Angus Council has turned down a retrospective application to turn land near Kirriemuir into a Travellers site despite a doctor’s plea.
Site owner John Townsley was previously granted planning permission for the existing Gypsy/Traveller pitch on the south western edge of Kirriemuir.
Another pitch was later formed to the rear of the approved one following the marriage of Mr Townsley’s daughter, which prompted a planning battle in July 2016.
At the time Mr Townsley said he wanted to create a “safe and secure base” to allow his daughter and her husband to remain settled in the region alongside the rest of the family.
The council issued a stop notice after it discovered work to create the site was under way without permission.
Mr Townsley subsequently submitted two retrospective planning applications which were refused in January 2017 and again in April 2018.
A further application was submitted in January 2019 which has again been turned down.
Planning agent Alan Seath said the Townsley family were “providing accommodation at no cost to the public purse in a suitable location”.
He said permission being granted would have provided much needed accommodation “when no other suitable, sustainable and adequate alternatives exist”.
He said: “In effect, Angus Council has only one site in its overall control, at Tayock, which is at capacity with a long waiting list.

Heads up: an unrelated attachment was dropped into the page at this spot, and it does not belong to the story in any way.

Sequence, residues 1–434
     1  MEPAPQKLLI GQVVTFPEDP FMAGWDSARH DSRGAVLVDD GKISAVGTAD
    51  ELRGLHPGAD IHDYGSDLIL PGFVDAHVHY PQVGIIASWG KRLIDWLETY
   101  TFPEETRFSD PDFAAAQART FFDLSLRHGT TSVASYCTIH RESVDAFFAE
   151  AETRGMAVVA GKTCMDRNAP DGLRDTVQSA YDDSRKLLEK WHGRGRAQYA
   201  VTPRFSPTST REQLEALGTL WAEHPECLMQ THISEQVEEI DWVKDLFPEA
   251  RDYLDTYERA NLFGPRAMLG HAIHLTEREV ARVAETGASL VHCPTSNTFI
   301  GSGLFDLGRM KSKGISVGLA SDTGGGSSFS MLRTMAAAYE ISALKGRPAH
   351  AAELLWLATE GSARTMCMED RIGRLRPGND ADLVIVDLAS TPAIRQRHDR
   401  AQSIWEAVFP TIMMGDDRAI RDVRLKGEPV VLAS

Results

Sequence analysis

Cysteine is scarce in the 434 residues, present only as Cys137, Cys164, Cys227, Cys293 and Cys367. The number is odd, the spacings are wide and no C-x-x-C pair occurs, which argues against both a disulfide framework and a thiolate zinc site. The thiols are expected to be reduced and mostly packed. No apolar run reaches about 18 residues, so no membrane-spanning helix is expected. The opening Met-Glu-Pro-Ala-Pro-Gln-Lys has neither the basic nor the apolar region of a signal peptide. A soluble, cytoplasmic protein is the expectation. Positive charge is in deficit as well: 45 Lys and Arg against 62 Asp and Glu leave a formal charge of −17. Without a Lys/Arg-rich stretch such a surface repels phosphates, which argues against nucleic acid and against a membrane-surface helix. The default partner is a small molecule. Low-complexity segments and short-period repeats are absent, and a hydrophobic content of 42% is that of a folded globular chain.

“Based on this evidence it is an undisputable fact that the council has no other suitable site to rehouse the applicant’s daughter and her husband despite its claims.
“To suggest otherwise would only serve to reach a conclusion that the council are denying its responsibilities; are exercising a discriminatory approach to people who are part of the Gypsy/Travelling community; and also affecting the lives and wellbeing of two people in the Townsley family.”
He said family bonds were important to the Townsley family and to ignore these factors were “inhumane and pedantry”.
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The application was also supported by two letters from Mr Townsley’s daughter’s doctor confirming she was subject to a number of medical conditions.
The doctor noted she currently resides at the application site and it would be “beneficial for her health to remain at this address”.
Planning service leader Kate Cowey said the application was refused because it was contrary to the Angus Local Development Plan (2016).
She said there are “existing authorised sites with capacity to accommodate the applicant’s family, and as the proposal could set a precedent or open up other areas for similar development”.
The council advised the travelling site at Balmuir Wood has 20 individual pitches, of which approximately 50% are currently vacant.
Mr Townsley may now appeal to the Scottish Ministers to review the case.